Crystallography in Canada 


Crispin Calvo (1930-1977)  


Abraham Clearfield

Department of Chemistry, Texas A&M University, College Station, Texas
Reprinted from CNCC Newsletter No 1 (Canadian National Committee for Crystallography) September 2009



 

Fig 1: 'Professor C. Calvo presents a prize
[a case of Charrington Toby ale] to "Miss
Solidification" who was featured at the
Open House.' Photo from page 86 of
the Annual Report of The Institute for
Materials Research, McMaster University,
Hamilton, Ontario, Canada, April 1970;
and courtesy of Jim Britten.


 

  

 



Cris and I were classmates at Rutgers in the chemistry department doctoral program. Cris' project involved the synthesis and structures of polyvanadates and polymolybdates. Although he obtained many crystals, they were too complex to be solved by crystallographic methods of the time (early 1950's). We had no computers and all data were obtained by film methods. His Ph.D. dissertation was on the Crystallography of the Polyvanadates, 1955. I believe that he post-docted at Cornell U. on gas phase electron diffraction. He then was appointed as an Assistant Professor at McMaster U. where he spent his entire career.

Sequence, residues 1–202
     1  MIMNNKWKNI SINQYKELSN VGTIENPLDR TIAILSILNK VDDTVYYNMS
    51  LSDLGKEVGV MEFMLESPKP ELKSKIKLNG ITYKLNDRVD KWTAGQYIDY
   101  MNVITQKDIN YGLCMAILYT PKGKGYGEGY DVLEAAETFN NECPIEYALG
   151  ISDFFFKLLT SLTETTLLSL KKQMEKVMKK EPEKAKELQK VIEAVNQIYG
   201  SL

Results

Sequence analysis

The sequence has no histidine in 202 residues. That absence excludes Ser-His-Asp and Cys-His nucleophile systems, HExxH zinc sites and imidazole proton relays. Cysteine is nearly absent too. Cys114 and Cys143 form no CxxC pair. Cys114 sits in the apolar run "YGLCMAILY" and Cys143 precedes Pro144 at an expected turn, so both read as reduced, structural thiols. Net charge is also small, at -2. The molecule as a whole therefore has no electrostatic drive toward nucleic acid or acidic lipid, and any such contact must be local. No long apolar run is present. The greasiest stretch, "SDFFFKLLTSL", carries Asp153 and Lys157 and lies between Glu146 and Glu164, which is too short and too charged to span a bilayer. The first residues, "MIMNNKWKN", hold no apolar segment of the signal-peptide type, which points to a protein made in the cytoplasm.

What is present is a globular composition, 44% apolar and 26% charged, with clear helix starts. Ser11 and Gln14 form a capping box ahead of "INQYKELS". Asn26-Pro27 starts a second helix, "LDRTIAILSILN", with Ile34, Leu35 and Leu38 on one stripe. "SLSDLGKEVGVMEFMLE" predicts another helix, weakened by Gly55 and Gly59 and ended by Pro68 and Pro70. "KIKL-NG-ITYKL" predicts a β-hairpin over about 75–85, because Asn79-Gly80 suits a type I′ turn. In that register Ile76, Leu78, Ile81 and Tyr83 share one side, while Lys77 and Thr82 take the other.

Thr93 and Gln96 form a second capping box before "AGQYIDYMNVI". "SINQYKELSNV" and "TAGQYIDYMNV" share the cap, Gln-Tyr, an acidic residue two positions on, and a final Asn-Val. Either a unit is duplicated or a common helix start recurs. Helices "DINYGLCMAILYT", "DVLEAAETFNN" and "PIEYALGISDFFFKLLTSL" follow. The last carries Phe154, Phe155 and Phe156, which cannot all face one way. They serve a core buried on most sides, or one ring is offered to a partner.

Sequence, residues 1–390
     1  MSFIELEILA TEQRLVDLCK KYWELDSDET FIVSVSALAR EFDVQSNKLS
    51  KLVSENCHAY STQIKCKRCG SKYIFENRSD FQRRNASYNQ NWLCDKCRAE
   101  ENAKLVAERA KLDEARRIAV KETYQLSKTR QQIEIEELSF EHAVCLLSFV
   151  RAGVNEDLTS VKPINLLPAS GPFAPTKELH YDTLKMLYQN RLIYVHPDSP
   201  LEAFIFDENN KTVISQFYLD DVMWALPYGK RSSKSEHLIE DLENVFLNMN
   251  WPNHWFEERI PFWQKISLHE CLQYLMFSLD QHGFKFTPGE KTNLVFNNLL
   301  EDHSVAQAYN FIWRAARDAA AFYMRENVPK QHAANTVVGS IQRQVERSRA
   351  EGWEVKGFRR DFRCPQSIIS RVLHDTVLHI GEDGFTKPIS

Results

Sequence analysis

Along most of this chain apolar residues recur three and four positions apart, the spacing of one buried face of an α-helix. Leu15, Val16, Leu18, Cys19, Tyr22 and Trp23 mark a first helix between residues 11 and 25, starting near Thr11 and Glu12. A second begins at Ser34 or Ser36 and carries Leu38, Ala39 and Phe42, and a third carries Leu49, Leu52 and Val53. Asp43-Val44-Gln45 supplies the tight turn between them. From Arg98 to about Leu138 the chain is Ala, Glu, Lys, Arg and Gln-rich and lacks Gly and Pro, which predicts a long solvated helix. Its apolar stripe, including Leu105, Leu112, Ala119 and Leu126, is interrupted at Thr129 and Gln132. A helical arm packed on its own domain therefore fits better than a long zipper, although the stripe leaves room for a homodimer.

Cris' major contribution was in doing the crystal structures of pyrophosphates and phosphates of transition metals. There were high and low temperature phases and in special cases plagued with disorder and thermal anomalies in the literature associated with these compounds. Cris solved many of their structures and later refined his own and literature data by full matrix least squares methods. Thus, he was able to clear up many anomalies and to explain the luminescence of these compounds. He systematized the field and was able to predict and synthesize new phases. 

 

Cris and his wife Georgia had five children but unfortunately he contracted Hodgkins' disease. He refused to take the required medication because it removed his ability to think, a condition he could not tolerate. 

 

Cris was one of the most intelligent individuals it was my privilege to know. He could read J. Willard's Gibbs Thermodynamics in the original as though they were a novel and explain it to you on the spot. In character he was the "salt of the earth." His untimely death was a tragedy for his family, friends, and his beloved crystallography.